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EDITOR: Andrea Kirk
AVIATION ROUNDTABLE: “YOU LANDED…WHERE?”
|Museums in Inland Empire|
Time(s): 7 p.m.
Address: 22550 Van Buren Blvd. (at I-215), Riverside, CA 92518
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March Field Air Museum is proud to welcome John Dutto, retired USAF/FAA Air Traffic Controller, as a guest presenter at the next Inland Empire Aviation Roundtable. The upcoming Aviation Roundtable will focus on an unusual topic: commercial airline flights that landed in the wrong place. To share examples, guest presenter John Dutto will recount various airline flights that landed safely, but not at their intended destination. Free and open to the public, the Inland Empire Aviation Roundtable is proudly sponsored by March Field Air Museum.
One example of a commercial airline flight that landed somewhere other than its planned destination was TACA Flight 110. On January 26, 1988, flying from Belize to New Orleans, the shiny new Boeing 737-300 aircraft lost power in both jet engines in a heavy rain and hailstorm over the Gulf of Mexico. The highly experienced crew managed to land safely on a grassy levee. The aircraft was later repaired and flown out, returning to commercial service.
For a variety of reasons, many other flights have landed at the wrong airport without any malfunction of the aircraft—and in clear weather. Consider an Atlas Air Boeing 747-400 Dreamliner, which on November 20, 2013, landed at Colonel James Jabara Airport in Kansas, a small general aviation facility. This large aircraft was supposed to land at nearby McConnell Air Force Base. A similar incident occurred in Missouri on January 12, 2014, when a Southwest Boeing 737-700 landed at M. Graham Clark Downtown Airport when it was supposed to land on the Branson Airport runway. The pilots managed to stop the aircraft with only 40 feet of the relatively short runway remaining.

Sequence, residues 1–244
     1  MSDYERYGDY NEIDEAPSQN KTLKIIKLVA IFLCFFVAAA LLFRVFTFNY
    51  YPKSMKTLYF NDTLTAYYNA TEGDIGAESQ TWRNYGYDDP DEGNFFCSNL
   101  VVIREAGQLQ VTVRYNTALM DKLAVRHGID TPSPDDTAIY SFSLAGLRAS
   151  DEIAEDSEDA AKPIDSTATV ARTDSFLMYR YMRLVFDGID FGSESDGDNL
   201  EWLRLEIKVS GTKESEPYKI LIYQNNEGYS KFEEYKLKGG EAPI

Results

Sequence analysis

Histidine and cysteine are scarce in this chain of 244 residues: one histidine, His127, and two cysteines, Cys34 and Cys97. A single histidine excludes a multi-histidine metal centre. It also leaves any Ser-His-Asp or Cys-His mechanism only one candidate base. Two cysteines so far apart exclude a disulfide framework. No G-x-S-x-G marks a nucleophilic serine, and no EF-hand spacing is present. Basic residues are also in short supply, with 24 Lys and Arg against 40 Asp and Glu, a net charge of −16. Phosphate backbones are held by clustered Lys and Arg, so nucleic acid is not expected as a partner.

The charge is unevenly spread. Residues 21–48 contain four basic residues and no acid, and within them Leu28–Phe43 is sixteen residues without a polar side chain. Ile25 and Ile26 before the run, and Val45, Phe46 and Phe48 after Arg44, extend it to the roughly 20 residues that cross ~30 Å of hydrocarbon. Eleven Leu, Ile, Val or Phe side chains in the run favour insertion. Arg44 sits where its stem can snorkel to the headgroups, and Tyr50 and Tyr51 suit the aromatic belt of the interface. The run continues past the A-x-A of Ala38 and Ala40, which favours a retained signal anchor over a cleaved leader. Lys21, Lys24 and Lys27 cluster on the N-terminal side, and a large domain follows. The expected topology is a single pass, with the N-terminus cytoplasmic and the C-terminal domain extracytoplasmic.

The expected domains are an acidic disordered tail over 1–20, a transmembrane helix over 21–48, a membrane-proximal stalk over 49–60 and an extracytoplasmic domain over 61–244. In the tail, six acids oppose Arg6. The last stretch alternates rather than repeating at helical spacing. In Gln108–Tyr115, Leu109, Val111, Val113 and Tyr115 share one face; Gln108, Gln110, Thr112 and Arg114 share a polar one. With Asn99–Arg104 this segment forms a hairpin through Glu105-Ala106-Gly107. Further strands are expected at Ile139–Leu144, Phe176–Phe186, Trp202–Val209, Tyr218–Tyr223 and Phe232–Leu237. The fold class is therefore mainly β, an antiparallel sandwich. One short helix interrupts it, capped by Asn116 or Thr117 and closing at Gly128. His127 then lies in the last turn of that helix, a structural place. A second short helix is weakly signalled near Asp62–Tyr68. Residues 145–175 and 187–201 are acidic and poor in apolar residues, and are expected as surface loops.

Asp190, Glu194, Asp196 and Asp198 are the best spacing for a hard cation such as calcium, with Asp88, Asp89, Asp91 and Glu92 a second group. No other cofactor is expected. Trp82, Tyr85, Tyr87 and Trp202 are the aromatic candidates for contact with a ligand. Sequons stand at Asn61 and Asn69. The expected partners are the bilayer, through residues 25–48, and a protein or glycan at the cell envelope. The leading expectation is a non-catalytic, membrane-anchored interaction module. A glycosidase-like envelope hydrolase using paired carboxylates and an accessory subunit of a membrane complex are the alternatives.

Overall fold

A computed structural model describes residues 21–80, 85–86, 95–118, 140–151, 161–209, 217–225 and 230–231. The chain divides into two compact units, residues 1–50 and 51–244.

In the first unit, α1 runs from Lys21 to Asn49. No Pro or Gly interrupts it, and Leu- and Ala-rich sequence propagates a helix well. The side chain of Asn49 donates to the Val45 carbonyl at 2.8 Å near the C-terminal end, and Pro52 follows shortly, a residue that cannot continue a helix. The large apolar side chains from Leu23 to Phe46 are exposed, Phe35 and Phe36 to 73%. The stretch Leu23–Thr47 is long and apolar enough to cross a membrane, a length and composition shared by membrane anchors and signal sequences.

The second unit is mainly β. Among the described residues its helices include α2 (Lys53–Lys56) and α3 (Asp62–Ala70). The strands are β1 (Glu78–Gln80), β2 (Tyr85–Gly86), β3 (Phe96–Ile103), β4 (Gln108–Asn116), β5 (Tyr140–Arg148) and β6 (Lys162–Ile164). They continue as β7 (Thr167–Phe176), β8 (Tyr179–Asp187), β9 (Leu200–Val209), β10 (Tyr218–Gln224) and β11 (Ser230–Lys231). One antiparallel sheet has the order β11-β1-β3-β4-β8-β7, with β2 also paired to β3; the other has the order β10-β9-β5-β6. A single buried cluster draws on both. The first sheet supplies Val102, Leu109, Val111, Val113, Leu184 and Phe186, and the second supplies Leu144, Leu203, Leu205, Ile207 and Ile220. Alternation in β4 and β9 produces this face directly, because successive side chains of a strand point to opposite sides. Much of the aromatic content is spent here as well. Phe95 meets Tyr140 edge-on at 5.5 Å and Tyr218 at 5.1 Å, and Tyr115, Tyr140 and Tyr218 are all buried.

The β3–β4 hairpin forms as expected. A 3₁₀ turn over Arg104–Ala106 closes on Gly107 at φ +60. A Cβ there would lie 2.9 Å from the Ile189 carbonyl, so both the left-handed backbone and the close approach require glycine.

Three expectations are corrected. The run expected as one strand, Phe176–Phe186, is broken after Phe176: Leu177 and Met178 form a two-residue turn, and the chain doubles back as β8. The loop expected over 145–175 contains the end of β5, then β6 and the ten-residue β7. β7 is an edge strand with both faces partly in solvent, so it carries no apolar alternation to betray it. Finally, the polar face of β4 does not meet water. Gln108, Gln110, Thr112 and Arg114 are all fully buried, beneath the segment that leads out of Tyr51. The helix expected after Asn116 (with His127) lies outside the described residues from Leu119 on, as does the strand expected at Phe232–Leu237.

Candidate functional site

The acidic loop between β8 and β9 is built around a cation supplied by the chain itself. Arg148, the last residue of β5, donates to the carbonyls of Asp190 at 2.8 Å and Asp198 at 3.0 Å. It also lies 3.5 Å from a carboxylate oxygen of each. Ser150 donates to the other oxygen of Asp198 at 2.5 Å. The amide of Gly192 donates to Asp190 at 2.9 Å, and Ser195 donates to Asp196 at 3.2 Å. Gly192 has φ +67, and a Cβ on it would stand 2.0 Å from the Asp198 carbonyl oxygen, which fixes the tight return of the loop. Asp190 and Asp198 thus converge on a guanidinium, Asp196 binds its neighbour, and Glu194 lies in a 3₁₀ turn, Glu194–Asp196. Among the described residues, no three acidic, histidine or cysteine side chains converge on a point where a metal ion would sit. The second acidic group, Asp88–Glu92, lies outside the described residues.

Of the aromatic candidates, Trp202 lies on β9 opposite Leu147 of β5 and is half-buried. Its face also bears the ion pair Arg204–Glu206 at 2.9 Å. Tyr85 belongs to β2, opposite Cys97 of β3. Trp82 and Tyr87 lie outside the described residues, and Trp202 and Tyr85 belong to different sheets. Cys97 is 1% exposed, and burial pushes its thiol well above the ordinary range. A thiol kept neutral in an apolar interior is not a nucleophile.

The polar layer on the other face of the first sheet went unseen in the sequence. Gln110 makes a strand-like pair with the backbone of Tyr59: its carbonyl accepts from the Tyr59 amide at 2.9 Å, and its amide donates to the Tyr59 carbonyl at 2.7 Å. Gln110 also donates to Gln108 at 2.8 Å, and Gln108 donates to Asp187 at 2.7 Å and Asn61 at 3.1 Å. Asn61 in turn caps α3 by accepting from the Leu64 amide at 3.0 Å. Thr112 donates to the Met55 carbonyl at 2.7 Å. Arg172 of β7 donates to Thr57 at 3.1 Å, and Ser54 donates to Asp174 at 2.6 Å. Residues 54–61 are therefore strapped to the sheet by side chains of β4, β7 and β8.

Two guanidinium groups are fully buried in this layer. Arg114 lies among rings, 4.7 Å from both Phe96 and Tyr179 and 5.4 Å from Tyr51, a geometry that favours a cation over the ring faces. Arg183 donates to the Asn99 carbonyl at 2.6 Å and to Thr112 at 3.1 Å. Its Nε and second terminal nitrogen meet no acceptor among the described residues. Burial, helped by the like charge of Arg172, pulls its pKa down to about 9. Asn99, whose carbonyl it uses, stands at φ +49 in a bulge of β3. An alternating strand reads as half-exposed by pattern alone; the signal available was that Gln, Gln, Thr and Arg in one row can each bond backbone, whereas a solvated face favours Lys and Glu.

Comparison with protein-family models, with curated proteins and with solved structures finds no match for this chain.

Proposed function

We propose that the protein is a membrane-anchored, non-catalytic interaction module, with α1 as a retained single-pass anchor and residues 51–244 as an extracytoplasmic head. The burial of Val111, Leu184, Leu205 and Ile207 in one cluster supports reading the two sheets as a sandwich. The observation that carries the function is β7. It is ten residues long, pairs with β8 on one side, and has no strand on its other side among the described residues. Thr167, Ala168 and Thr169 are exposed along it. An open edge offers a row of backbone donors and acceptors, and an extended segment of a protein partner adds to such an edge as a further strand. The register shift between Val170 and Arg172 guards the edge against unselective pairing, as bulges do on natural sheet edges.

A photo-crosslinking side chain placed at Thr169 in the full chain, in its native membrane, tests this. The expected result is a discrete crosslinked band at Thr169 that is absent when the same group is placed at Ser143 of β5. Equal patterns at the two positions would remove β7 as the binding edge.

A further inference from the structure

John Dutto served as an Air Traffic Controller in the United States Air Force from 1974 to 1978. He became an FAA Air Traffic Controller in 1982, serving as a supervisor and specialist in Southern California and Las Vegas during his 29-year career. Now retired, John is a dedicated volunteer at March Field Air Museum.
The Inland Empire Aviation Roundtable is sponsored by the March Field Air Museum, and is dedicated to those interested in—and involved with—the local aviation and aerospace community. Monthly presentations are open to the public, with subjects including aviation and aerospace history (both civil and military) and new developments in these fields. Programs typically last 60-90 minutes. Parking and admission are free for this event.
NOTE: It is always a good idea to verify date, time, location and other information prior to going.
Eye Spy LA is not responsible for the accuracy of this information.
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